Water from the Willamette River laps against the dock at Lake Oswego's Charlie S. Brown Water Sports Center. The few boaters on the water slow down as they pass, but the wake still creates a slight splash against the boathouse.
It's 9 a.m. on a Wednesday, and down at the boathouse there's a wide range of people, young and old, preparing to put their boats in the water for the morning's practice.
Among them is Roger Stevens, 81, of Wilsonville.
Stevens and his wife moved to Wilsonville from Chicago in 2016 after their kids moved to Portland a few years prior, but he says he didn't move to Oregon to sit back, relax and read a book. He's more interested in pushing the limits of what his mind and body can do.
Stevens isn't a rower by nature. In fact, he's more of a swimmer. He swam in high school and college, and continued into adulthood with masters competitions. At age 72, he checked off a bucket list item by completing an Olympics-length triathlon, and after watching Olympic rowing and videos of various regattas on YouTube, he added rowing to that list.
"I believe in making myself uncomfortable," Stevens said. "I have to have challenges. I have to be learning something new all the time. It's uncomfortable at the beginning, but once you grow and learn, it becomes fun."
Uncomfortable is a good way to describe rowing. It's a sport that requires you to sit in a narrow boat no wider than 3 feet and around 27 feet long. Preventing yourself from tipping over is only half the battle.
"Not only is it a full-body workout, but it's also a very technical sport," he says.
Before joining Lake Oswego Community Rowing earlier this year, Stevens had only rowed in an indoor tank at a local athletic club in Chicago, so the learning curve wasn't cut down by much when he started open-water training this spring.
With the help of coach Matt Dorio, Stevens has made some incredible leaps and bounds in his performance over the past several months, particularly in his solo sculling (using oars to propel a boat), an exploit that not many rowers attempt until they've become comfortable with two- or four-person rowing, according to Dorio.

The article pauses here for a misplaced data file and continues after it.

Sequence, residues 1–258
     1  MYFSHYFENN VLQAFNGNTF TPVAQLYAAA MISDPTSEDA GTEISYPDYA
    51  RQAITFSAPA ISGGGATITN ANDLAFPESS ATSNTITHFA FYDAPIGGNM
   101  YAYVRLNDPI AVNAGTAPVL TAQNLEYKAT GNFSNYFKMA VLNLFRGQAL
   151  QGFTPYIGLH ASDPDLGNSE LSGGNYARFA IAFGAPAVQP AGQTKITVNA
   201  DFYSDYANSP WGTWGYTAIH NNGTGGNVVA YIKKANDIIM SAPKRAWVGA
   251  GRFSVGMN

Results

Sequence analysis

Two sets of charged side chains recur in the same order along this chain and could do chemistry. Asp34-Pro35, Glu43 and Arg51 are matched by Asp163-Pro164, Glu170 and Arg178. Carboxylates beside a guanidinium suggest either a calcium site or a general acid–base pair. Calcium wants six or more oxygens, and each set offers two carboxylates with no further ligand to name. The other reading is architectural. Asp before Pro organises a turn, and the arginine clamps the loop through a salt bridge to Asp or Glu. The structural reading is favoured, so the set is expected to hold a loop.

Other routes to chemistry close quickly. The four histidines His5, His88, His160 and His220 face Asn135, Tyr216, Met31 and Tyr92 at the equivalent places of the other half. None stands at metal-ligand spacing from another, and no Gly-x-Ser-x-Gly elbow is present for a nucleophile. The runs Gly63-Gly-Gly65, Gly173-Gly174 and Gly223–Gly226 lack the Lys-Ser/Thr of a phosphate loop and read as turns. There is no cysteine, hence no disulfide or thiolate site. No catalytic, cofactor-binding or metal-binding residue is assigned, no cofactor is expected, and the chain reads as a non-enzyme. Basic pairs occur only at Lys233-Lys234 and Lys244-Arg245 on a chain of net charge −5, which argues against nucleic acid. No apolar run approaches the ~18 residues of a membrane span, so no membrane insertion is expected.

"There's a lot of technical stuff to remember, but each time you come out you realize, oh I'm not doing this or I should be doing that. Matt will be out in the boat and he's yelling out to do this or that, so he's always out there coaching and helping with technique," Stevens says.
Some of the things Stevens tries to commit to memory each time he hits the water include placement of his blades in the water, controlling his seat slide, learning how to keep the boat in trim, not rocking, and being mindful of his elbow positioning.
He practices Monday, Wednesday and Friday mornings, sometimes twice a day at 5 a.m. and 9 a.m., rowing nearly 12,000 meters in a single practice.
That's no small feat, no matter what age you are.
"I'm still learning, but at least I can get out there and handle it pretty well," Stevens says.
Watching Stevens practice, it's hard to believe he's only been at it for a short time. His movements are as fluid as anyone's, and his demeanor is sharply focused when seated in his boat.
In June, Stevens put his hard work to the test when he competed in the Northwest Masters Championship regionals at Vancouver Lake in Vancouver, Wash. His goal was to stay afloat and finish the race, and he did just that. It was a proud moment for Stevens in his development as a relatively new rower, and he's excited to continue his training to keep improving little by little. It's all part of his plan to keep challenging himself as he grows older.
"Most people retire, they just want to kick back, take it easy and gradually age. I don't want to do that," he says.
Stevens recalls a book he once read by author Chris Crowley called "Younger Next Year." It's an installment in a series that focuses on taking advantage of growing old and focusing on self-improvement.
One part of the book discusses how the human body begins to decay after 40 years of age, but if preempted and pushed, you can continue to grow instead.
"I want to continue to grow as long as I can. Eventually, I'm going to level off and it's going to be downhill, but I don't want to just decay," he says.
For Dorio, he sees the willingness to take a risk a big factor in a rower's success. Rowing isn't something you just come across in your everyday life too often, so to get in a narrow boat hovering just inches above the water that is easily tipped takes guts.
"Roger has stepped above and beyond expectations on all of that. For someone his age to look at a racing single and say, 'I want to row that,' and to go further to say, 'I want to race that,' is incredible," Dorio says. "He's come down, he's had fun and he's enjoyed it. He's coachable, and he's taken the steps to become a better rower."